Counting the cost of a cruise (Part 1 of 5)

Calculating the cost

With the summer cruise season about to get underway, TheTravelPro is pleased to present a series of article that will provide a more complete understanding of the all-in cost of such an adventure.

My wife and I took our first cruise in the summer of 2016, aboard Princess Cruises’ Ruby Princess. While we did not expect the fare to be all-inclusive by any means and expected additional charges for optional events including shore excursions and specialty dining, some additional charges might be surprising, particularly to first-time cruisers.

The Ruby Princess at Seattle's Pier 91
While the examples I cite are from our Princess cruise, they are by no means unique to Princess Cruises. Most of these options, choices and charges are quite common, though not universal, across the cruise industry today.

The fare is just the starting point

We have all seen the “teaser” ads that say, “Cruise to Alaska for just $599 per person, double occupancy,” and the disclaimer that “Taxes, fees and port charges” are additional. Of course that low rate is for the ship’s least-expensive accommodation -- usually an inside cabin without a view – and often either toward the beginning or end of the season. Outside cabins, verandah suites, larger accommodations and more preferential sailings will come at higher fares.

In addition to higher fares for a better stateroom than an inside cabin and more prime-time sailings, there are numerous options and additional charges that will be added to the fare.

If you are not departing from the city in which you live, you will have to get to your departure port. That will involve some sort of common-carrier transportation, which will more than likely be an airplane flight, followed by a transfer from the airport to the port, and a transfer from the port to the airport upon your return.

Our cruise line offered transfers for $24 per person in each direction, or $96 for a couple for the round trip from Seattle-Tacoma International Airport (SEA) to the Smith Cove Cruise Terminal at Pier 91 and back to the airport at the end of the cruise. Passengers might also add a few dollars to tip the person handling their bags.

At the time of booking, our cruise line presented us the option of travel insurance. While its protection package was $190.30 per passenger, the credit card we used to pay for the cruise included travel protection, so for us it would have been an unnecessary purchase. Others may find value in the protection proffered.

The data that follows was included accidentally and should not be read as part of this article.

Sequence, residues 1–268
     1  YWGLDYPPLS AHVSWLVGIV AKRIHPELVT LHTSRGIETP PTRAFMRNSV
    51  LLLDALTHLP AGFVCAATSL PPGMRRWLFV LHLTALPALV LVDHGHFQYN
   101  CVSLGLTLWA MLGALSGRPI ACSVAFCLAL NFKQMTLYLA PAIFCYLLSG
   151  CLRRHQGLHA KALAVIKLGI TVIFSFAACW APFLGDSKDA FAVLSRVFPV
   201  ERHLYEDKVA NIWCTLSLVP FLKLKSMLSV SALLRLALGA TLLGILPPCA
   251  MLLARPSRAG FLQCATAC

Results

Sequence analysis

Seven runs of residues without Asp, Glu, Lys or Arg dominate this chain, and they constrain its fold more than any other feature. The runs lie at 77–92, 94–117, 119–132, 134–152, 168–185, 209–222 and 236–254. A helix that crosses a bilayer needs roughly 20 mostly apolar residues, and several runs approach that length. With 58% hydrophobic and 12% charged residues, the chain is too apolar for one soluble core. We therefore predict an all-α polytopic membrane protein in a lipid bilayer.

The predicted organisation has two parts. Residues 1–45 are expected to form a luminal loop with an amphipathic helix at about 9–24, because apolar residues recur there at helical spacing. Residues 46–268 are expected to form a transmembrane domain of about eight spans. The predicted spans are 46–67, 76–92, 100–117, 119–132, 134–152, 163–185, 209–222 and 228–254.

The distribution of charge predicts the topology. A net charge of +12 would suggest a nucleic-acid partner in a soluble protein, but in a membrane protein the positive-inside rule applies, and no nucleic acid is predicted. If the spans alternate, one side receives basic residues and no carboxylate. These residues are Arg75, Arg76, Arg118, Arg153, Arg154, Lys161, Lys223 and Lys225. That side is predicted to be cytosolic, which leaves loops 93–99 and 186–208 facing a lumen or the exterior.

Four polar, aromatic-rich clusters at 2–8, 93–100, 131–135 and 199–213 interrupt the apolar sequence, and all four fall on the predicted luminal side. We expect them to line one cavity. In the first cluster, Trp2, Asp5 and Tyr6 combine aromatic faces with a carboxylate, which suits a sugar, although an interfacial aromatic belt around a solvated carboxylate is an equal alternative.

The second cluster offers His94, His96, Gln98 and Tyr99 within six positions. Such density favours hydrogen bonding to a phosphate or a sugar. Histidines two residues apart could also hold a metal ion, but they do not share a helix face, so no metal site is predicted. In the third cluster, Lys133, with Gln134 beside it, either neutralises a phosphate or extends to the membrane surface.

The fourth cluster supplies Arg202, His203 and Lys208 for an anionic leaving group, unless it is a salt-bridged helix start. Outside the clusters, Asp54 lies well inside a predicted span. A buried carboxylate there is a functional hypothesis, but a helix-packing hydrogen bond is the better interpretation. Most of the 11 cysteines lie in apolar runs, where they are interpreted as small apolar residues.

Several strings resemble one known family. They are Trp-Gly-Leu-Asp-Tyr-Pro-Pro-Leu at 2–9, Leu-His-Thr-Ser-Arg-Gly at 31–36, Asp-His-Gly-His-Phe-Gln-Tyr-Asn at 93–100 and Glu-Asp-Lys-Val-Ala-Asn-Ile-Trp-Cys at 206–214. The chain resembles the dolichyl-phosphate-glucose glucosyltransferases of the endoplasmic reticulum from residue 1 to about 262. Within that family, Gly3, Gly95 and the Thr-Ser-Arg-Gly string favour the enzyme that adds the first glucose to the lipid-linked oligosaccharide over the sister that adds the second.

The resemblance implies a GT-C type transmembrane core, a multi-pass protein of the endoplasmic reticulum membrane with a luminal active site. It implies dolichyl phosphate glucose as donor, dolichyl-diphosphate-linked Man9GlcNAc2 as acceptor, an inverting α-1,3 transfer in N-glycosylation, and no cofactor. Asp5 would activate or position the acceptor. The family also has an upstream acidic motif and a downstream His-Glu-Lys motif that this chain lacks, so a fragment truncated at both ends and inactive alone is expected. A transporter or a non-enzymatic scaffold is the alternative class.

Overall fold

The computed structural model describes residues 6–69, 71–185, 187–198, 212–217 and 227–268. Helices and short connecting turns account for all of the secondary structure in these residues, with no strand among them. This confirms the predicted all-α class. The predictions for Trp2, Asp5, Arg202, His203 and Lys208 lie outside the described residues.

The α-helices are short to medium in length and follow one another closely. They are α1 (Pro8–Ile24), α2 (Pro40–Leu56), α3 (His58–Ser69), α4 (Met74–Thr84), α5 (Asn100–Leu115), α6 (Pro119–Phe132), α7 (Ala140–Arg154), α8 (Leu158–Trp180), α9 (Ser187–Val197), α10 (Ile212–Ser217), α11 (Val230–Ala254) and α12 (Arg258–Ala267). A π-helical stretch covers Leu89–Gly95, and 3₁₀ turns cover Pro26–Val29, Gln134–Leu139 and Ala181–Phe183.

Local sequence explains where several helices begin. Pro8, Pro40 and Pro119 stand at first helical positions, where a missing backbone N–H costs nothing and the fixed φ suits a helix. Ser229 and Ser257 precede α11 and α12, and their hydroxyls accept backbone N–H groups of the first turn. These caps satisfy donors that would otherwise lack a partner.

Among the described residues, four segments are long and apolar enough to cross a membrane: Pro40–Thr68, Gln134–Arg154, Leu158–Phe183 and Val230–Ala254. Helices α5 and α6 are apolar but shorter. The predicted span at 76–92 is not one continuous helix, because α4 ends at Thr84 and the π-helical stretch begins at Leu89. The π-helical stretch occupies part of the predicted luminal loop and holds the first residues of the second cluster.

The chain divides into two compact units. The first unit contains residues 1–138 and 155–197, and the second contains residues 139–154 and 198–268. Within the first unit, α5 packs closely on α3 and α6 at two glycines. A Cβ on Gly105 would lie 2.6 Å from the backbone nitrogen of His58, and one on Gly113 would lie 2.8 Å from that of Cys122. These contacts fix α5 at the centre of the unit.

A number of options were available on board the ship, including a beverage package. Our line offered an “All-inclusive beverage package” that included “[A]ny drink up to $10 including cocktails, wine, beer, bottled water, sodas, specialty coffees & more [and a] 40% discount on bottles of wine (below $100 retail).” The cost of that package: $56.35 per person per day ($49 plus a 15-percent gratuity), or $394.45 per person for our seven-night voyage. The cruise line also offered soda, coffee, beer and bottled water packages.

Menu at SHARE aboard Ruby Princess

Specialty dining is another option. While meals are included in the cost of the fare, most cruise ships have at least one specialty dining option for which there is an additional charge. One of the three on our cruise was a restaurant created in conjunction with celebrity chef Curtis Stone. Dinner at that particular venue, called SHARE, was a minimum of $39 per person, or about $78 per couple. Alcoholic beverages were extra unless a guest has purchased the beverage package.

Shore excursions were plentiful but organized activities come at a cost. Our ship stopped at five ports of call and guests can choose from over 100 shore activities ranging from $29.95 per person to $1,995.95 per person. In addition, independent operators were waiting at each port, so guests could engage their services -- often at a lower cost than the cruise line offered. Finally, passengers could simply disembark and follow their noses at no charge.

Internet connectivity was available for a fee. Internet access for those who just have to stay connected ranges from $72.95 for 120 minutes to $202.95 for 680 minutes.

On board activities included a fitness center, which was free, but a fitness class or a session with a personal trainer carried an additional charge. Spa services also carried price tags which were comparable to those of a spa at a high-end resort. For example, a 50-minute couples’ massage is $259 and a 50-minute Swedish massage is $119.

There were also gift shops, professional photographers, child care, casinos, and other items not included in the ticket price.

Finally, many cruise lines add “suggested” or “recommended” gratuities for their passengers’ convenience. For our cruise and cabin class, the line added $13.95 per person per day, though guests can choose to tip independently in addition to the daily amount, or they can have the amount adjusted prior to disembarking if they prefer.

Are these expenses worthwhile? And how do you decide? More on that in upcoming installments.

Visit my main page at for more news, reviews, and personal observations on the world of upmarket travel.

Photos by Carl Dombek
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